'America's Best Bad Writer' isn't yours truly. I don't have that great a claim to fame, though he and I do share some common literary mannerisms. It's none other than H. P. Lovercraft who earned that sobriquet, among others like 'America's Master of Horror.' Howard Phillips Lovecraft (1890-1937) deserved the last name he was born with, rather unlike one Whalehead King. He lived all his life in one place except for a brief stint in New York City, which he loathed. Two more dissimilarities.
He loved two cities. One was his beloved Providence, RI where he spent most of his days. The other was Boston. Lovecraft's grave bears this legend: "I am Providence." I will never be audacious enough to put "I am Dorchester" on my tombstone. There are many more people who are more deserving. I've met them. They walk past my porch every day at all hours.
Lovecraft loved nothing more than strolling around Boston long before urban renewal. He loved the crooked streets. He loved the North End. He set a story in Boston called 'Pickman's Model' set near either Copp's Hill or the Granary Burial Ground. I forget which. You'll have to read this bloodcurdling tale to find out. He had the eye of an antiquarian and he loved Boston, like so many people do, because it was so old.
Why is he the 'best bad writer?' Firstly, he is best because he labored over his manuscripts and polished and agonized until they really were a product of his love of craft. The man really could write by the ream and his imagination knew no limits from the bowels of the earth to the farthest reaches of outer space on a time continuum that was infinite. Secondly, he is considered bad, not because he tells a story badly, just in his own way. His plots are tortuous, bogged down with obscure words, piles of adjectives and a style that was old fashioned before 1900. Little happens in a Lovecraft story except the unfolding dreadful, paralyzing realization that in the mindless machinations of the universe, human hopes are not even a flickering mote in a gibbering, blind god's eye. That's a Lovecraftian sentence right there. If you enjoy the way it rolls, Lovecraft may be for you.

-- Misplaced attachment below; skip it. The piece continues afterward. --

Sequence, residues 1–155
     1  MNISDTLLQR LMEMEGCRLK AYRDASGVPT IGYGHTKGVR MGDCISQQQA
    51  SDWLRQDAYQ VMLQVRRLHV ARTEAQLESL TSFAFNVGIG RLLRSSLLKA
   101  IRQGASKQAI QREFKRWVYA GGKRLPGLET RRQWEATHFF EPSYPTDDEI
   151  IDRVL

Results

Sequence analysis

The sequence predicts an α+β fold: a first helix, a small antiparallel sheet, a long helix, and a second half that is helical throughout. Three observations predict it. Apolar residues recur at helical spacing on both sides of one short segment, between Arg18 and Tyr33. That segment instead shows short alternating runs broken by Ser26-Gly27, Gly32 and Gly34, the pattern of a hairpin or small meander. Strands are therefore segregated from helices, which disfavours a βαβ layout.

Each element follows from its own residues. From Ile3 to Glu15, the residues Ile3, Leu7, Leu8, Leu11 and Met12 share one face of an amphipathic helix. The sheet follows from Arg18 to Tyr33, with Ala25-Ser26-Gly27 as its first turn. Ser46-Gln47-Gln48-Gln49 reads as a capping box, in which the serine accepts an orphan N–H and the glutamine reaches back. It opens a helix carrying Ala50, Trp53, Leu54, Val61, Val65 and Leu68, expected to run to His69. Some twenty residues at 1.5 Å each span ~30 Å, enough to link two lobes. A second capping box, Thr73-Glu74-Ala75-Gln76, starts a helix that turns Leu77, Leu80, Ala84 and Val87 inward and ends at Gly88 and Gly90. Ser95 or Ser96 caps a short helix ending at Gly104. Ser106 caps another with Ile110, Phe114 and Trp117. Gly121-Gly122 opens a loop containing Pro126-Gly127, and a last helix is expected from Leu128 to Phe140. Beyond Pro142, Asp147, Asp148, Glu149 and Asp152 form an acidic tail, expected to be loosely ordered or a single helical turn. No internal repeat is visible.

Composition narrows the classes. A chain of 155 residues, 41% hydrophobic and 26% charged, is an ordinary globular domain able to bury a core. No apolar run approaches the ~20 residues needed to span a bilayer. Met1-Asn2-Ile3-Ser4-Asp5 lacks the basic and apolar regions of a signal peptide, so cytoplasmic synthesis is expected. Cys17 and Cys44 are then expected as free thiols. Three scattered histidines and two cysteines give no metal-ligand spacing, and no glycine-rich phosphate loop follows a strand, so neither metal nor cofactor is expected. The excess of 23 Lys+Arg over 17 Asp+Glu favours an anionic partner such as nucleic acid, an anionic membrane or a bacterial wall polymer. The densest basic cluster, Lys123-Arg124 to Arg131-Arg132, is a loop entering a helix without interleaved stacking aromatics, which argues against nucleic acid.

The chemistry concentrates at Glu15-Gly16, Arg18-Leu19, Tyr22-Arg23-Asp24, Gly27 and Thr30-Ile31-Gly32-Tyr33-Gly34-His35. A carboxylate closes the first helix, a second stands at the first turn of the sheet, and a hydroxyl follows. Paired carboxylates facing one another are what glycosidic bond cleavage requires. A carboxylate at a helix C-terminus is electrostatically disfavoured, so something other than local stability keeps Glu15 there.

'Pickman's Model' is another kind of story written in the same style with a theme that only touches on Lovecraft's obsession with a universe in which man is as much as naught, a flotsam of dimly phosphorescent plankton on the tides of eternity. It is set in his present, around 1920. It captures old Boston quite well through his appreciative eyes and it is a horrible, weird tale. No Dorchester stories, unfortunately, but we make do with what we have. Boston, like Providence, features in many of his stories, and Massachusetts as well. He was the quintessential, weird, New England author, the kind of crank we love.
The first book, from the Library of America, contains everything he wrote. It's more for the confirmed devotee. The second contains 'Pickman's Model' as well as some of his better stories for those on a budget.